Why nano get hot and smoke came out from nano (Not genuine arduino nano)

Hello guys! This is my first post here.

I recently start my very first nano project. I tested it on breadboard by connecting the usb cable to my computer to test the Nano,LCD, everything works fine until i connect it to 12V and it getting HOT and Smoke came out from my nano (now got 2 red led light up at the same time) and when i hold the LCD i get electric shocked :o

so my question is, what caused these issue?

  1. Did not connect ground wire properly?
  2. VIN and Gnd connect together due to bad soldering caused electric shock?
  3. .....?

You need to read a bit about Automotive transient protection. You can easily get 40V to 60V for short amounts of time. It gets even worse when you are a long way from the battery. Electronics for taillights needs to withstand +100V and -300V, because the long wires have an inductive characteristic. So, when they are switched off, they create a reverse current.

Google “Automotive Transient Protection” and look for application notes from semiconductor companies.

The transistor needs a base resistor say 330R.

I missed the relais. You have your own transient generator. When you switch off the relais, the magnetic field in the relais will colapse and create high voltage transient. You will need a flyback diode for that.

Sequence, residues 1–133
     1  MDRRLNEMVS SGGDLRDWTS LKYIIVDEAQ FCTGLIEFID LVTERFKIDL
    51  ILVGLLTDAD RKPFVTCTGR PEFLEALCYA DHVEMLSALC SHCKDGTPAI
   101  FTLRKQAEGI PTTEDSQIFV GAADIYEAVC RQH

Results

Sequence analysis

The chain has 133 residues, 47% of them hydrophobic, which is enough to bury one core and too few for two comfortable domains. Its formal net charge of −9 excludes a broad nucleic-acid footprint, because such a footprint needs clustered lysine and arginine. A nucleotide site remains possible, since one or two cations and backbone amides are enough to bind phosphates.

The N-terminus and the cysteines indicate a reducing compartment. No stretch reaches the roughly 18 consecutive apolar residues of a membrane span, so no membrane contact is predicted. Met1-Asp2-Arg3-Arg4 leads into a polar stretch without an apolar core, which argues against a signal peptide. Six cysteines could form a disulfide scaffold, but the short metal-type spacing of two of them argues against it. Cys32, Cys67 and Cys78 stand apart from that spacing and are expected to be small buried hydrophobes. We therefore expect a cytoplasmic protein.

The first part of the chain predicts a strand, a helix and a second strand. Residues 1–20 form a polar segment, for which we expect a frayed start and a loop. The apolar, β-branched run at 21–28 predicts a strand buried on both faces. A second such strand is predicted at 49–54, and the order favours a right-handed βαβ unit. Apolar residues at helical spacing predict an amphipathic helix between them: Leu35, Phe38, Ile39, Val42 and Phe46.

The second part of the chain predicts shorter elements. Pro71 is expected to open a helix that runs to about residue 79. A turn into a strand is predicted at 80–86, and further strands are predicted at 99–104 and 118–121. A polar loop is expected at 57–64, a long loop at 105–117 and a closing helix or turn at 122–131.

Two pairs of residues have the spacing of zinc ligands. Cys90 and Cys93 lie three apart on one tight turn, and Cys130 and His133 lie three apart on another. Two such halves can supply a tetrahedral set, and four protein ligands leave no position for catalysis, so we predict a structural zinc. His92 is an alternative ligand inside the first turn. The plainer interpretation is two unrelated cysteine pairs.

That all said, it doesn't explain why the nano was instantly trashed when you connected 12v. My guess would be that you connected the 12v backwards, and you should thank your lucky stars that it didn't destroy the laptop too.

DrAzzy:
That all said, it doesn't explain why the nano was instantly trashed when you connected 12v. My guess would be that you connected the 12v backwards, and you should thank your lucky stars that it didn't destroy the laptop too.

Hi DrAzzy,

Thanks for the reply!

There are 2 wires "Red White" and "Blue White" from the sensor, and am not sure which wire is +12v, Hence i connect the "COM" from the relay to "Blue white" wire. After that, I touched the sensor and smoke came out from nano immediately...

6v6gt:
The transistor needs a base resistor say 330R.

Hi 6v6gt,

Thanks for the reply! Do you mean add a resistor between 2n2222 and nano??

D5 pin connection need a resistor indeed. At least 250Ω, something like 1k or 2k2 will probably do great depending on the coil current.

Relay needs a flyback diode across the coil, or it's bound to destroy other parts of the circuit the moment you switch it off.

Better connect the relay coil ground directly to the 12V ground, not via the Arduino as your circuit suggests.

Diy_World:
Do you mean add a resistor between 2n2222 and nano??

Yes.

Also, your relay is marked 24V. I think that is the coil voltage. So it might not work at 12V.

wvmarle:
D5 pin connection need a resistor indeed. At least 250Ω, something like 1k or 2k2 will probably do great depending on the coil current.

Relay needs a flyback diode across the coil, or it's bound to destroy other parts of the circuit the moment you switch it off.

Better connect the relay coil ground directly to the 12V ground, not via the Arduino as your circuit suggests.